The Jewish History of May Day and Labor Activism


May Day might conjure images of flower garlands and maypoles as a traditional European spring festival, but the May 1 holiday is also a celebration of workers’ rights. 

Jewish women shirtwaist strikers hold copies of the socialist ‘The Call’ in 1910.                                          Photo courtesy of the Kheel Center, Cornell University Library is licensed under CC BY 2.0

Kate Rosenblatt, a fellow at the Katz Center for Advanced Judaic Studies at the University of Pennsylvania and a professor of religion and Jewish Studies at Emory University, said the workers’ holiday of May Day was created during the 1880s when American trade unionists took up the cause of the eight-hour workday.

“They were responding to the realities of a brutal labor situation in which people — by which I mean men, women and also children because this is a period before regulations on child labor — were working crazy hours, 12, 14, 16 hours a day or more,” Rosenblatt said.

On May 1, 1886, unions in Chicago called for a general strike to demand an eight-hour workday, and workers across the country walked out of their jobs. In Chicago, the protest and accompanying parade were largely peaceful, but another strike on May 4 led to a violent crackdown on protesters by police and culminated in a bomb being thrown into a crowd. The incident became known as the Haymarket Affair. 

In 1889, labor organizers decided to observe a worker’s holiday on May 1 in honor of the national strike and the workers who were injured or killed during the Haymarket Affair. May Day gained a second moniker, International Workers’ Day, and became a rallying point for labor activists for years to come. 

Many Jews, especially poor immigrants from Russia and Eastern Europe, became involved in unions and labor organizing in the late 19th and early 20th century. They were overrepresented in the garment industry and worked in factories with dangerous, exploitative working conditions and starvation wages.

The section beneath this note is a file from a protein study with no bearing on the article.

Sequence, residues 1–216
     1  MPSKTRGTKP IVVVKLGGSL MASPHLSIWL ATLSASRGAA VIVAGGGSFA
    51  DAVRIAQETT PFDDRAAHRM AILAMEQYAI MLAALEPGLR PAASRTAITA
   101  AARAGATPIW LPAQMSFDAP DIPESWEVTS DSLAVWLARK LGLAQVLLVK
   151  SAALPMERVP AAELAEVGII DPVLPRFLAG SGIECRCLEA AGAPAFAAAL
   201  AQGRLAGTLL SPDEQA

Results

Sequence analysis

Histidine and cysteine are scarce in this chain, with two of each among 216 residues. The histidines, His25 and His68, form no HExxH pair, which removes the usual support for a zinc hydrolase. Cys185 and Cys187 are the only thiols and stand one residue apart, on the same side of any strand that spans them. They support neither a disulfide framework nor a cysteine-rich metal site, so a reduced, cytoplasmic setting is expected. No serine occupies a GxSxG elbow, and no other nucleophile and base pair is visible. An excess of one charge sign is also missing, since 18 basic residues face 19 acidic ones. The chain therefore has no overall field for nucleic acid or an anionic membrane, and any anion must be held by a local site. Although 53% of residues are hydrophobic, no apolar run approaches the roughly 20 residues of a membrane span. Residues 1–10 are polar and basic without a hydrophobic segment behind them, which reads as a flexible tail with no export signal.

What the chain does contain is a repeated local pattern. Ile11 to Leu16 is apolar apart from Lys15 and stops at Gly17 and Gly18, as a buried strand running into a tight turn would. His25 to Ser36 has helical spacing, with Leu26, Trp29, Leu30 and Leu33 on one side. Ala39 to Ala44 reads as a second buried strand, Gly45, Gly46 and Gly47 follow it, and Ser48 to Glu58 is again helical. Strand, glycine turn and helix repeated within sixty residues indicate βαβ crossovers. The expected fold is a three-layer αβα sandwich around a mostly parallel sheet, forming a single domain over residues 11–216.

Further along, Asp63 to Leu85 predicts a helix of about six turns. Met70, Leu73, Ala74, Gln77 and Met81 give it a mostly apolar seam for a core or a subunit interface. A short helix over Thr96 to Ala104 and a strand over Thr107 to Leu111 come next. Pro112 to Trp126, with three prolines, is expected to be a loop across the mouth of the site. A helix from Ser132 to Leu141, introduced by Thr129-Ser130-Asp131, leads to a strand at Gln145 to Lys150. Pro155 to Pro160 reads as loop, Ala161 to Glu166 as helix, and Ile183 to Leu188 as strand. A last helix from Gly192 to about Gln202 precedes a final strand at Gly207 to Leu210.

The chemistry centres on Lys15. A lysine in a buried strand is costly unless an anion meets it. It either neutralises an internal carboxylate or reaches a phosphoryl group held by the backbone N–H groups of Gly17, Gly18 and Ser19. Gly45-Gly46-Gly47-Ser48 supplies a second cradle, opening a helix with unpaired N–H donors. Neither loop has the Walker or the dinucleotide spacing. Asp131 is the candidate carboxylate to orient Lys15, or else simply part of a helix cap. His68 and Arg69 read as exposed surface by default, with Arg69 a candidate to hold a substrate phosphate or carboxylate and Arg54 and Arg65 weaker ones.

Rosenblatt said Jews participated in famous strikes in 1909, when thousands of Jewish women garment workers in New York and Philadelphia walked out of their jobs to protest dangerous working conditions and low pay, and in 1911, when workers responded to the deadly fire that killed 146 young women — many of them Jewish — at the Triangle Shirtwaist Factory in New York because they were locked in the building with no fire escapes. 

Jews across the country joined unions like the International Ladies’ Garment Workers Union and the Amalgamated Clothing Workers Union to advocate for greater protections. 

Rosenblatt added that in the 1920s, members of the ACWU, including many Jews, established a bank to provide credit and loans to workers and built thousands of cooperative housing units in New York City to provide them with decent living conditions. By World War II, union members began looking at labor rights as a holistic vision of quality of life for the working class, including natural light, green space, plumbing and sanitation. 

Although May Day as a workers’ holiday originated in the United States, the celebration and the workers’ movement it represented were also widely popular in the Soviet Union, which consequently led to popularity among Soviet Jews and Israelis during the 20th century. 

Armin Rosen, a staff writer for Tablet, wrote in his 2017 article “When May Day Was a Major Event in Israel” that while the USSR eventually became one of Israel’s enemies, there was initially no tension between left-wing politics and Jewish nationalism. Many members of Israel’s communist kibbutzim were raised to admire the USSR and the tenets of communism.

“The ties went deeper than any political alliance: For many, Zionism was an avowedly secular pro-labor movement with the same utopian aims as Communism itself,” Rosen wrote.

The holiday was also popular among mainstream Israeli labor unions that were not aligned with communism, but it began to fall out of favor as tensions rose between Israel and the USSR and Israeli politics shifted to the right. 

In the present day, popular Jewish observance of May Day has waned, but Jewish labor leaders view the holiday as an opportunity to focus on the labor fights of the modern era, particularly in response to the dangers workers have faced during the pandemic. 

Michael Hersch, director of the Philadelphia Jewish Labor Committee, cited the fights for paid sick leave, raising the minimum wage and a return to collective bargaining as contemporary versions of the eight-hour workday campaign. 

“You’ve heard workers lauded as heroes in this country,” Hersch said of the response to essential workers like grocery store employees and nurses during the last year. “Calling someone a hero is great, but how about paying them? The hope is that you’ll see workers rewarded with a different level of compensation and appreciation, not just being called a hero.”

The national JLC did not host a May Day celebration this year, opting instead to commemorate Workers Memorial Day, which is observed on April 28 to honor the victims of workplace injury and illness, in light of the pandemic. The organization held a virtual event on April 29 to mark the occasion as well as the 50th anniversary of the Occupational Safety and Health Act. 


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